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USING SYNCHROTRON LIGHT TO STUDY HOW "LUNATIC" BACTERIA OPERATE
STANFORD - In a world where some like it hot, the life form Pyrococcus beats them all. Happiest at 100<degree>C (212<degree>F), uncomfortable at chilly 80<degree>C (176<degree>F), Pyrococcus furiosus flat-out refuses to live at temperatures as cool as summertime in Death Valley.
Pyrococcus belongs to the hyperthermophilic bacteria that dwell around the hottest underwater hydrothermal vents in the deep sea, which spit out water of 350<degree>C (662<degree>F), through holes in the Earth's crust.
Its habitat is not the only feature that makes Pyrococcus different: It also runs its metabolism with a strange set of enzymes containing the metal tungsten, an oddity in biology.
Graham George, a chemist at the Stanford Synchrotron Radiation Laboratory, uses synchrotron radiation tapped from the Stanford Linear Accelerator's SPEAR storage ring to take a closer look at these tungsten enzymes. Synchrotron radiation is extremely intense light that charged particles emit when racing on a circular path at near-relativistic speed.
"Tungsten plays almost no role in familiar organisms that we know of, but is crucial for these hyperthermophilic organisms," George said.
Although the researchers do not have practical applications in mind, they think Pyrococcus furiosus deserves attention because it is a very ancient creature that belongs to a separate kingdom of living things, called archaebacteriae.
The archaebacteriae are "the lunatics of the bacterial world," George said. "They are extremists in every possible way, from their habitats to their diet and cellular structure and workings."
While every animal from the food-spoiling bacterium Escherichia coli up to humans has cell membranes that consist of two layers of fatty acids, the archaebacteriae's membranes make do without any fatty acids at all and look more like monolayers. That make-up helps them stay intact in the heat of their environments.
In terms of cellular and membrane biochemistry, we humans are more closely related to the Escherichia coli than that bacterium is to Pyrococcus. On the evolutionary family tree of all species, the archaebacteriae branched off earlier than all other known living things. Consequently, it is believed that tungsten's use in biology might be very old, with it possibly being replaced by other elements later in development.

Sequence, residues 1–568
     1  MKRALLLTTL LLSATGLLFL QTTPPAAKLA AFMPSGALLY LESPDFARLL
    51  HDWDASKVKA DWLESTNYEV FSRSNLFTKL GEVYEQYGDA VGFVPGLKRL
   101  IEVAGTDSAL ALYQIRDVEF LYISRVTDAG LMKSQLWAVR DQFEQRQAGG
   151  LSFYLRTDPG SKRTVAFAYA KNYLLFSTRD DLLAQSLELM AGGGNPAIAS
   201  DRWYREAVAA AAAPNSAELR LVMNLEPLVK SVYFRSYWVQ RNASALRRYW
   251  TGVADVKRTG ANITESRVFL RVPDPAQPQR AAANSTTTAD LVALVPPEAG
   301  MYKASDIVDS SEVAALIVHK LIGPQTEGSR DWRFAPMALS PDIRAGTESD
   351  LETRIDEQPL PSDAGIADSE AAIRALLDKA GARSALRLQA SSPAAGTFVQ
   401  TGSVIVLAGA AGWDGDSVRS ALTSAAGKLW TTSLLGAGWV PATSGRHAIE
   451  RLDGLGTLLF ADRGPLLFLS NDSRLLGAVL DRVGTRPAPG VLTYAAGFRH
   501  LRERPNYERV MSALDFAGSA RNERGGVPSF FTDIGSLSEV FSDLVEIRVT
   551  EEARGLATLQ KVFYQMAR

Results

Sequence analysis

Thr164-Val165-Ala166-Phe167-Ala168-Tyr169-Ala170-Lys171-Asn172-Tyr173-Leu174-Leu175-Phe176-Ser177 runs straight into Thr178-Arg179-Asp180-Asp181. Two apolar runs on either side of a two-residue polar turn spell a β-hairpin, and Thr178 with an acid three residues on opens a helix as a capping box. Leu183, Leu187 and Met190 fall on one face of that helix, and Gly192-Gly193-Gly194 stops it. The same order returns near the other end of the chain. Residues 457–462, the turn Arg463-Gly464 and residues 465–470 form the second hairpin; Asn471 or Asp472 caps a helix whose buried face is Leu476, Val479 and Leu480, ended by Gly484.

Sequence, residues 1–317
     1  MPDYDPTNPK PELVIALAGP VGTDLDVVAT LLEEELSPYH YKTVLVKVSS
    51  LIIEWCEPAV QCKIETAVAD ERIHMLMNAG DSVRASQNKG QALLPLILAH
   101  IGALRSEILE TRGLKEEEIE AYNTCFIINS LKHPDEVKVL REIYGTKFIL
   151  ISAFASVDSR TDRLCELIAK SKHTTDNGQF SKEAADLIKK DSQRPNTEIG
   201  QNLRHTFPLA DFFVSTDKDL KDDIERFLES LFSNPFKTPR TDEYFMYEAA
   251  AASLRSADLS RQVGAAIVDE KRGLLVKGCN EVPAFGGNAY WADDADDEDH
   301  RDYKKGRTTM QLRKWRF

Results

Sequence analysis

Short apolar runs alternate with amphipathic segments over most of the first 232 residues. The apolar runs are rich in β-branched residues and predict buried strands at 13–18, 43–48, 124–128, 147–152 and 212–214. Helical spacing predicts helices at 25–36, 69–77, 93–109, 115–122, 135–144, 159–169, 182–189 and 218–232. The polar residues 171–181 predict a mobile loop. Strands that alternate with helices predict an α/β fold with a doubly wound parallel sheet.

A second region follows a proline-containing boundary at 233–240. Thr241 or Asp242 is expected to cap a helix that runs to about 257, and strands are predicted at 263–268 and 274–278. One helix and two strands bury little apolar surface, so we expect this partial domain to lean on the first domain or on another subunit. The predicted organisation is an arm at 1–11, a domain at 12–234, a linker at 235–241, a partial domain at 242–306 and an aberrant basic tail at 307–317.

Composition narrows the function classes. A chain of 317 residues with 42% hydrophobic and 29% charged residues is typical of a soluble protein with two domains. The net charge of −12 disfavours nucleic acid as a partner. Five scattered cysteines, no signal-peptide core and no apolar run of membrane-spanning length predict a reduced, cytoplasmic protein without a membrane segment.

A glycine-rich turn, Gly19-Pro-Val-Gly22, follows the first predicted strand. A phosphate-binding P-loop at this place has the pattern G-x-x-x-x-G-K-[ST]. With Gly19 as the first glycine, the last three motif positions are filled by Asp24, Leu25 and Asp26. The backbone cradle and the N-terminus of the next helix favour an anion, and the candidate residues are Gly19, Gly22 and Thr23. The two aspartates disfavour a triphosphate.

Employing X-ray Absorption Spectroscopy (XAS) - a method that shines strong synchrotron X-rays through solutions of metal- containing proteins and analyzes the patterns of weak rebounding waves - George and his collaborator are trying to work out the three-dimensional structure of the atoms surrounding the tungsten atoms. Knowing that structure will help the researchers determine exactly how these eccentric enzymes might function.
With Michael Adams, professor of biochemistry at the University of Georgia, George has found that sulfur and oxygen atoms most likely are the direct neighbors of a central tungsten atom. Possibly shaped like a pyramid - though the exact geometry is still unclear - these atoms form a small, inorganic center within the protein.
The behavior of tungsten is similar to the much more ubiquitous metal molybdenum. Correspondingly, George said, they found tungsten to form structures that researchers are already familiar with through earlier studies of molybdenum. The chemical similarity might partly be caused by related molecular architectures.
"This work is exciting because the tungsten enzymes are a whole new class of enzymes and yet display structural similarities with well-known molybdenum enzymes. XAS helps us understand the chemistry happening in these unusual bacterial proteins," George said.
Why tungsten is used by the hyperthermophilic bacteria, and whether it contributes to making them so well-suited to high temperatures, is not yet clear.
"We are doing this because it's novel and different," George said. "The project is still in its very early days," said George.
George joined SSRL's scientific staff last fall after having been a senior staff chemist at the Corporate Research Laboratory of Exxon Research and Engineering in Annandale, N.J.
This story was written by Gabrielle Strobel, a science writing intern at the Stanford News Service.
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